Curated content for content, computing, and digital experience professionsals

Day: July 20, 2007

Emerging Markets: The Brass Ring?

We conducted our occasional poll on most pressing business drivers for providing localized content to customers during our July 11 webinar with Idiom and EMC. (See below for results.) A post-webinar email exchange about the results stimulated a discussion on the business impact of established versus emerging markets (geographic regions in which economies are still developing). How are global companies approaching growth strategies? We set out to look for indicators.

Two of the 12 Megatrends in B2B Marketing indentified by the Economist Intelligence Unit in a recent survey underscore the importance of emerging markets in reaching global executives. From the report:

“The geographic demographics of today will bear little resemblance to those of the next ten years. . . by 2017 China will become the world’s largest economy when growth is measured on purchasing power parity. . . for 2006, [study] sponsoring organizations are targeting Asia and central/eastern Europe more than the Americas and western Europe.”
“…there is a growing belief that the high-flyers of the next decade will arise from the ranks of today’s domestic companies (domcoms) in emerging markets.”

We also looked at the performance of companies reporting quarterly earnings this week. On an interactive Earnings Cheat Sheet available on wsj.com, analysts say that IBM’s expansion in Asia is a positive factor:

“In the first quarter, IBM’s Asia-Pacific revenue rose 10% to $4.5 billion, on growing demand in China and India and a turnaround in Japan. Management said in May that it plans to increase staffing in China by at least 10% in each of the next few years.”

And in commentary on Merrill Lynch’s global reach:

“Merrill’s non-U.S. revenue has been setting the pace and now accounts for more than half of its GMI total. In April, Merrill said it’s taking a $2.9 billion stake in Resona Holdings, the largest foreign investment ever in a Japanese bank.”

One question pertinent to Gilbane readers is the timing of real investment in content technologies that will enable businesses to realize potential in these markets. For what should enterprises plan, and when?

July 11 webinar attendees see other factors as more pressing drivers today. Time-to-market for simultaneous product shipments is the most important, global and product brand management least important.

business drivers

These results are not surprising considering that the topic of the webinar was technical documentation for global markets. Participants were naturally inclined to be more concerned about shipping the documentation with the product and less concerned about brand management.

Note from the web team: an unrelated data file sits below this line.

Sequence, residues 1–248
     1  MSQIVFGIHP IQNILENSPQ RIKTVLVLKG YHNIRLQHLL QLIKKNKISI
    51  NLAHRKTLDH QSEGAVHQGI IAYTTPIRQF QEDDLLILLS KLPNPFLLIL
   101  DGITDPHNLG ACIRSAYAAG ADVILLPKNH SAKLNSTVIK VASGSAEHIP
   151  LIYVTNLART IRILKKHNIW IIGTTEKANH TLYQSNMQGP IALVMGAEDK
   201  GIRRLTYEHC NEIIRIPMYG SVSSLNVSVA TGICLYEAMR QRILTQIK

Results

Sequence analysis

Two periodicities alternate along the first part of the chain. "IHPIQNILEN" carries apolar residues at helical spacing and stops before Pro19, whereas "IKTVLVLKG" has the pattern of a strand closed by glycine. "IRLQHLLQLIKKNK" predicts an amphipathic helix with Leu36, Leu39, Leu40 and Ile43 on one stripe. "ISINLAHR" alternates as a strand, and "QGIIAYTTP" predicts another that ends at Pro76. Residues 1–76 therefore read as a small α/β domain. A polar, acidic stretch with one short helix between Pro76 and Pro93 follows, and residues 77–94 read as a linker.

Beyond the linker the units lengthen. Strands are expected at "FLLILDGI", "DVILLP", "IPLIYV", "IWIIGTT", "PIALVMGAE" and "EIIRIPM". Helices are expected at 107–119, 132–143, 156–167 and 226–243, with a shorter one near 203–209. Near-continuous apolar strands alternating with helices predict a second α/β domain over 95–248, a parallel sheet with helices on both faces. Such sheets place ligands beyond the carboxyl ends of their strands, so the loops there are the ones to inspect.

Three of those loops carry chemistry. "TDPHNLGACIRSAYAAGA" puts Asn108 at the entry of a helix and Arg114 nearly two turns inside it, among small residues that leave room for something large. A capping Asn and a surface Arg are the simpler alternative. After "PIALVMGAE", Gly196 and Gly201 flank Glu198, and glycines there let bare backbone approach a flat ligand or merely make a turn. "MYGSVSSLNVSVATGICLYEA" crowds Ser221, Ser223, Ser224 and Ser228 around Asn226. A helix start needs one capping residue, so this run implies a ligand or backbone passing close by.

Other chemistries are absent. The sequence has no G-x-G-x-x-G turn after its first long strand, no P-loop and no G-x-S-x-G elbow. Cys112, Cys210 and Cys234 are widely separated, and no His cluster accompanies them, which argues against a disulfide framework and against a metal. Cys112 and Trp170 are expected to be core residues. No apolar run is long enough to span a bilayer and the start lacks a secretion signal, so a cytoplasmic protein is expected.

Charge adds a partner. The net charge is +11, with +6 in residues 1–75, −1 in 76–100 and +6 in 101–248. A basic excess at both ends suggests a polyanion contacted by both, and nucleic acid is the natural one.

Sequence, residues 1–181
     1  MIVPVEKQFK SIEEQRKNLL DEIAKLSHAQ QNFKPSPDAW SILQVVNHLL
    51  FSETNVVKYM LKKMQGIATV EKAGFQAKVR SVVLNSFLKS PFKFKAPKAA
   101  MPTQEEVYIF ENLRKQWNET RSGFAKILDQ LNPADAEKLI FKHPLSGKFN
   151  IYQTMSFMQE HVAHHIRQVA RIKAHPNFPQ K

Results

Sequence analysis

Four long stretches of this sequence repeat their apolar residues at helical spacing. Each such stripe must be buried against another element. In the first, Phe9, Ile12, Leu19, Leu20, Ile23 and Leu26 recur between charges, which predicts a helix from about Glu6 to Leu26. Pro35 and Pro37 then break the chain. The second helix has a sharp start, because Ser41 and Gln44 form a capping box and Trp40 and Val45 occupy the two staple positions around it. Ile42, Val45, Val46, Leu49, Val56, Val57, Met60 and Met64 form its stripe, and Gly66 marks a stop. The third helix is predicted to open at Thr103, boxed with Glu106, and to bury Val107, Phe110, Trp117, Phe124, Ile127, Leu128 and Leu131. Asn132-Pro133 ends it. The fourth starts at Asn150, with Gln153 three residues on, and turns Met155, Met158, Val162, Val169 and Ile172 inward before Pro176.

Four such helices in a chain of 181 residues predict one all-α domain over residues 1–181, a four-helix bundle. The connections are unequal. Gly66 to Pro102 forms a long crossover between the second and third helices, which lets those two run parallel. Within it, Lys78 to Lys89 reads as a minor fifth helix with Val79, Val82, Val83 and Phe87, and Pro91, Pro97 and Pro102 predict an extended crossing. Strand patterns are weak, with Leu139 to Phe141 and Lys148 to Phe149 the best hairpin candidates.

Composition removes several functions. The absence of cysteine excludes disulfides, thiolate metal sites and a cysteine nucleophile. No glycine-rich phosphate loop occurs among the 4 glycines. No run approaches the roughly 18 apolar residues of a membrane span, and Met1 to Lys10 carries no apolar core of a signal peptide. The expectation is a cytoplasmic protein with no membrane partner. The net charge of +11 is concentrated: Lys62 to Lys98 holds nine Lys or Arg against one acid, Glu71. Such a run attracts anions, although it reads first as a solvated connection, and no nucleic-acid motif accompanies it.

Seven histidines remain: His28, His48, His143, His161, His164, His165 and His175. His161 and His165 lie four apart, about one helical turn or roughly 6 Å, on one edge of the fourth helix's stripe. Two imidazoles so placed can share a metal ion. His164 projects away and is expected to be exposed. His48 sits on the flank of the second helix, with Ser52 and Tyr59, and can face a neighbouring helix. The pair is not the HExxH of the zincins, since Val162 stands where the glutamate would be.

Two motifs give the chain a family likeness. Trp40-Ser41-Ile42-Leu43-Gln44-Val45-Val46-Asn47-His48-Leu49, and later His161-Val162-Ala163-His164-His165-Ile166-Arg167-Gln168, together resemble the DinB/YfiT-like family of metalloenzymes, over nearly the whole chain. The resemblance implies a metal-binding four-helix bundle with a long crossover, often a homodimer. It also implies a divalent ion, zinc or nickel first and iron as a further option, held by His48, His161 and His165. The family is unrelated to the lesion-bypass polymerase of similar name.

Search and Need

Since an attempt to parse, in the simplest terms, the “enterprise search” market in January, I have been exposed to no less than 77 products and vendors whose offerings have been brought to my attention. Add to that another 20 or 30 peripheral offerings in the text mining and text analytics sphere and you’ll understand why the need for a focused view when considering products.

Selling and marketing at its best sells to a need. Need expresses something about users, user behaviors, user requirements, and problems to be solved. Need also implies emotions and that may present a problem when it comes to making business decisions.

Nothing plays into emotional business decisions like money, as illustrated by one IT manager’s reaction to this week’s Yahoo News story about Google offering its search appliance for small Web sites for $100 for up to 5,000 pages. Noting that $500/year would support up to 50,000 Web pages, he thought it could be a solution for the company’s intranet. In a tough budget situation it seemed to make sense because the maintenance fee for current search software far exceeds $500.

Let’s be clear, Google is offering site search for a Web site on the World-wide Web, not internal enterprise sites. There is a huge difference in the number of variables to be considered not the least of which are:

  1. Who is authoring and maintaining the target content, and what do they expect to have the search engine do with the tags and content?
  2. Who are the users, what are they looking for, and how do they expect it to be displayed?
  3. What is the software providing in the way of managing and supporting metadata
  4. Where is the software going to run and be maintained?
  5. What are the security and authorization considerations?
  6. What about all the internal content that is not “Web pages” (e.g. PDFs, spreadsheets, slide shows, images) with their associated metadata that may not be supported in this license but are fundamental to an enterprise search solution
  7. What do page ranking and ad management have to do with internal search requirements?

Just to be clear, there are other solutions that may come with levels of Web site search support that are more suited to many small organizations, internal and external. This week I learned more about one such offering, PicoSearch that has options from free to very reasonable monthly charges bundled with service for hosting search for an organization’s content. It can also provide some levels of password protection and security controls. This may not be an optimal choice for organizations with complex and multi-faceted search interfaces but could be perfect for associations, educational institutions, and small businesses with straightforward product lines.

Keep in mind, inexpensive does not mean “cheap” and it is also not the first qualifying criteria for what is “appropriate.”